It’s hard to overstate the place of Mitsuo Aida in the collective consciousness: he was, and remains after life, a people’s bard, a poet of the masses. These are expressions that usually have intellectuals sharpening their most venomous quills, ready to pounce on every schmaltzy sentimentality. Andy Joyce of the WSJ, who to his credit is the only reporter as far as I know to have pursed the story, writes of Aida:
Celebrated for his ability to draw deep truths from the minutiae of everyday life, his reflections are the kind of warm, insightful writing that would probably appear framed on bathroom walls in the US.
Certainly what are perhaps Aida’s two most widely appreciated pieces could be construed as saccharine sweet and suitable for the smallest room. This one’s titled “Your own flower”:
Even the nameless grasses bear seed / Make your own flower bloom full of life
This one goes without a title:
Happiness is always / Decided by your own heart
Aida’s also billed by the publisher of his own works, according to the dust jacket of one of two books of his I picked up in the museum shop, as “someone who will gently heal your heart”. But Aida is a far more complex figure than these two pieces taken in isolation would suggest. He was steeped in a particularly rigorous form of Zen from an early age and it shows. Here are a couple of many of his works that might discombobulate the constipated or the incontinent in the lavatory:
Covetous, lustful, hungry for honor / Humans, eh? / Just a lump of desire / The human I am
This one bears the innocuous title of “Homeowner”:
“That kinda guy / Be better if he were dead” / The demon in my heart cries / “Hey, when you hate / The one you really hurt / Is you” / The Buddha behind the demon whispers / Demon-heart / Buddha-heart / Dwell together in our house / The homeowner is you
Aida makes formidable play with an array of conventions in the Japanese language that are often beyond the scope of treasonous translation—“tradurre e tradire”, as the Italian saying has it. Both of the above poems build to a climax at the point of selfhood—a first person pronoun (there are many in Japanese) in the first, the eelishly slippery jibun, which can according to context mean “I” or “you” or “everyone”, in the second. Let’s return to the loach poem and see what else it might reveal.
First, note the calligraphy itself—it’s intentionally childish and easy to read, ugly in places even. Aida was an accomplished calligrapher but chose not to be for most of his life, as part of his philosophy of suteru, the discarding of the unnecessary. He is a deft exploiter of the tension between cursive hiragana script and denser, angular kanji characters: here, “loach” could (just about) be written 泥鰌 (though few could read it) and “imitate” could be written 真似—but they’re not, which leaves only “goldfish” (金魚) privileged with kanji, befitting its exalted, unreachable station within the poem. The fourth line (reading from right to left) ends with a manly “dayonaa” auxiliary question tag, meaning (here) “do they?” and what works well here (and in the many other places Aida employs it) is the gaping mouth-void infinity of the final “a” syllable (あ).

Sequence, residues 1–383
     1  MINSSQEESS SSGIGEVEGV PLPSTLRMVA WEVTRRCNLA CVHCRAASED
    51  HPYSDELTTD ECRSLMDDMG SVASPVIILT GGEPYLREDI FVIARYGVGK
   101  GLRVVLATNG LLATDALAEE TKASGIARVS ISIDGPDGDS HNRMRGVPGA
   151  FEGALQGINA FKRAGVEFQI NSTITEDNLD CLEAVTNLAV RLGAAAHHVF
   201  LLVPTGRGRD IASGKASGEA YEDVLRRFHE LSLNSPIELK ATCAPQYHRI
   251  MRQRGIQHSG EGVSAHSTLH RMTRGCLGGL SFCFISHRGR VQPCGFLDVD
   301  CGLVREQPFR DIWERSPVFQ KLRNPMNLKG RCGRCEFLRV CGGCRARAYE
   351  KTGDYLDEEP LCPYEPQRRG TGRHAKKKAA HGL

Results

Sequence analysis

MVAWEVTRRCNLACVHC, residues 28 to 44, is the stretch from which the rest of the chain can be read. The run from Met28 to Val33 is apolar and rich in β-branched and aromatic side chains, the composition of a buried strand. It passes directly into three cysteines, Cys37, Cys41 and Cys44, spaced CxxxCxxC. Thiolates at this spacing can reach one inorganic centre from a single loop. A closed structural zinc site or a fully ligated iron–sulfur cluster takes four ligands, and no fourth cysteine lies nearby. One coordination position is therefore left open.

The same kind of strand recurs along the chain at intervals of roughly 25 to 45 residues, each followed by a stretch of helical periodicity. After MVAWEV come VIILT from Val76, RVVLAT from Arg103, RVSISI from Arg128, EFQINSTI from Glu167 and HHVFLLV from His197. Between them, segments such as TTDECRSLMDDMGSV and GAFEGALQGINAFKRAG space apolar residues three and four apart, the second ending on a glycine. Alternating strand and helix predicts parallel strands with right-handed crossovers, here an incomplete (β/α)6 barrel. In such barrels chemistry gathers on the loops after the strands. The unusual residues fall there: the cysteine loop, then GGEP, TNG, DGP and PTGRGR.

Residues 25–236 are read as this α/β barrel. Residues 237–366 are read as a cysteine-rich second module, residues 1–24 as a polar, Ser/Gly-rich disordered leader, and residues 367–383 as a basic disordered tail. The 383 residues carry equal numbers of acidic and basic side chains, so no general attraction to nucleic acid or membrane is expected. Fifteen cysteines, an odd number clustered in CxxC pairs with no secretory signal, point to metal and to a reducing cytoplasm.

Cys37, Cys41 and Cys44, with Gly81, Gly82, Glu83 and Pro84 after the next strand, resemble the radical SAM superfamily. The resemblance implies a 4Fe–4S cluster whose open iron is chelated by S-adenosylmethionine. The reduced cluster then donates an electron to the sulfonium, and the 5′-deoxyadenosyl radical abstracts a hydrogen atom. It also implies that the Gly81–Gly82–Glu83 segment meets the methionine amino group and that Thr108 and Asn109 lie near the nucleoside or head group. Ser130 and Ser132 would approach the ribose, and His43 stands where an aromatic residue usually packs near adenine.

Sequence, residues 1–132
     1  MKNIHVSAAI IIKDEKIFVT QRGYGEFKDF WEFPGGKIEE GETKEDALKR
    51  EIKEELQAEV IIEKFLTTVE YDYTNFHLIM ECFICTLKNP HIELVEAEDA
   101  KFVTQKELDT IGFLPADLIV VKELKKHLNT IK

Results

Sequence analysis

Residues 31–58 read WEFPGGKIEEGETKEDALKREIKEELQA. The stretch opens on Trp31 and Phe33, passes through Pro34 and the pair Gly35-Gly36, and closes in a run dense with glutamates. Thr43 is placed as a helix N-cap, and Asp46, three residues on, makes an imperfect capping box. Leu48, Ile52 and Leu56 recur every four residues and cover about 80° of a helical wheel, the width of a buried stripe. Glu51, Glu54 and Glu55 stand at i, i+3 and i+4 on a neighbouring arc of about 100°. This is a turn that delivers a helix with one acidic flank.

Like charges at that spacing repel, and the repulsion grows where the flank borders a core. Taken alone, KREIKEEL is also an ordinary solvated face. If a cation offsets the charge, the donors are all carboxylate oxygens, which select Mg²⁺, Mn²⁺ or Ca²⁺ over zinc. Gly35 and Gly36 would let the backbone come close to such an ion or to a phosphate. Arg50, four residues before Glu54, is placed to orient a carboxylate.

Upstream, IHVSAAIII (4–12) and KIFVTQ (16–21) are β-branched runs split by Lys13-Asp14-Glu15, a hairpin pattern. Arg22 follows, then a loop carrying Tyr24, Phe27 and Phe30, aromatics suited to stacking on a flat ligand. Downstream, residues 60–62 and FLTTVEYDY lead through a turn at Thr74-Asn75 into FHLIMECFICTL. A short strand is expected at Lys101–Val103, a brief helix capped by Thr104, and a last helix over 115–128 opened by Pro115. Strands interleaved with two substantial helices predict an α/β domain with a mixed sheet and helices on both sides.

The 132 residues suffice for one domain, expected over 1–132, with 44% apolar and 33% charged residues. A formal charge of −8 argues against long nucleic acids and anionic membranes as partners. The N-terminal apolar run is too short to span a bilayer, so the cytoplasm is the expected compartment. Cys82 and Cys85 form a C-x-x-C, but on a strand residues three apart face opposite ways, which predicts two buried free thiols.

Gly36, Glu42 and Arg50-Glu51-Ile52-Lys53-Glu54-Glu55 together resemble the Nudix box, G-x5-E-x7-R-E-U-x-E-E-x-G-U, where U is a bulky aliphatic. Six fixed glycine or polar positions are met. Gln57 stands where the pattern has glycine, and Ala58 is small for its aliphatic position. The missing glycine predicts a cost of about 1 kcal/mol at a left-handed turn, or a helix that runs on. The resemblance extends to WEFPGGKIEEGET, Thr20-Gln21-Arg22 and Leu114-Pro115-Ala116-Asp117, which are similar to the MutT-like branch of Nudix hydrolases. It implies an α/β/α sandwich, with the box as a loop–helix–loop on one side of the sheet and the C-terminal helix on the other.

Oriental weather loaches are reputed to live up to a decade in captivity. No one of sound mind would expect our new Prime Minister to last that long. If Noda is a loach, then he has surrounded himself with a cabinet of minnows, as the DPJ, on its third prime minister in two years, has run out of talent. Already, the gaffes have started, with the defense minister cheerily confessing that he knows nothing of his brief. Already, the scandals are swirling, with tales that Noda received donations from a Korean resident, which would be illegal. The most loach-like of the post-Bubble incumbents of the prime ministerial chair, Keizo Obuchi and Yasuo Fukuda, lasted 615 and 364 days, respectively, which does not augur well for a a loach’s long reign in a world full of sharks.
A friend crunched the numbers on the general longevity of Japanese prime ministers and animatedly reported the following:
Still, I don’t think we should be too harsh on [departing prime minister] Kan… After all his 451 days is only 25% below the average span since 1885 of 611 days.
The average since WWII (Higashikuni) is 730 days, but if you exclude outliers (i.e., long-standers over 1,000 days) like Yoshida, Kishi, Ikeda, Sato, Nakasone and Koizumi, the average is only 461, almost bang in line with Mr K!
Similarly since the Bubble (Kaifu) the average is 576, but exclude Koizumi and the average is 468! Has anything really changed? A bit like the summers of your childhood always being warm and sunny perhaps?
I guess the really shocking part is that even during the 1955-2009 LDP period the average was only 799 days, without the government even losing an election!
This analysis, I think, reveals an important point: that however much the revolving-door premiership may irk foreign dignitaries (former Brazilian president Lula quipped that in Japan, you say good morning to one prime minister and good afternoon to another), the lifespans of the highest elected servants in the land are of mayfly brevity and are unlikely to be lengthened anytime soon. It also ever-so-seditiously hints at something the leader-writers would rather not hear: that in a pen-pusher nation running on autopilot it may not matter very much who is prime minister and how long they last.
So how long might Noda have? The first electoral obstacle he faces will come in less than 400 days, as the absurd party rules of the DPJ dictate there must be another leadership election by the end of September 2012. If he remains popular (unlikely), he will probably be returned uncontested. If he is in the doghouse (likely), he will almost certainly lose. In the 400 days between now and then, almost anything could cause him to trip and fall. But that’s okay, as Aida, a poet who is all about tripping and falling, would no doubt have counseled. One of his longer and to me most magnificent poems, which is of all things about judo—and Noda is a black belt in judo—begins like this:
The essence of judo is the defensive stance
The defensive stance is about being thrown down
About being flung down in front of people
About falling in front of people
About losing in front of people
[With many thanks to A.P. for the number-cruching.]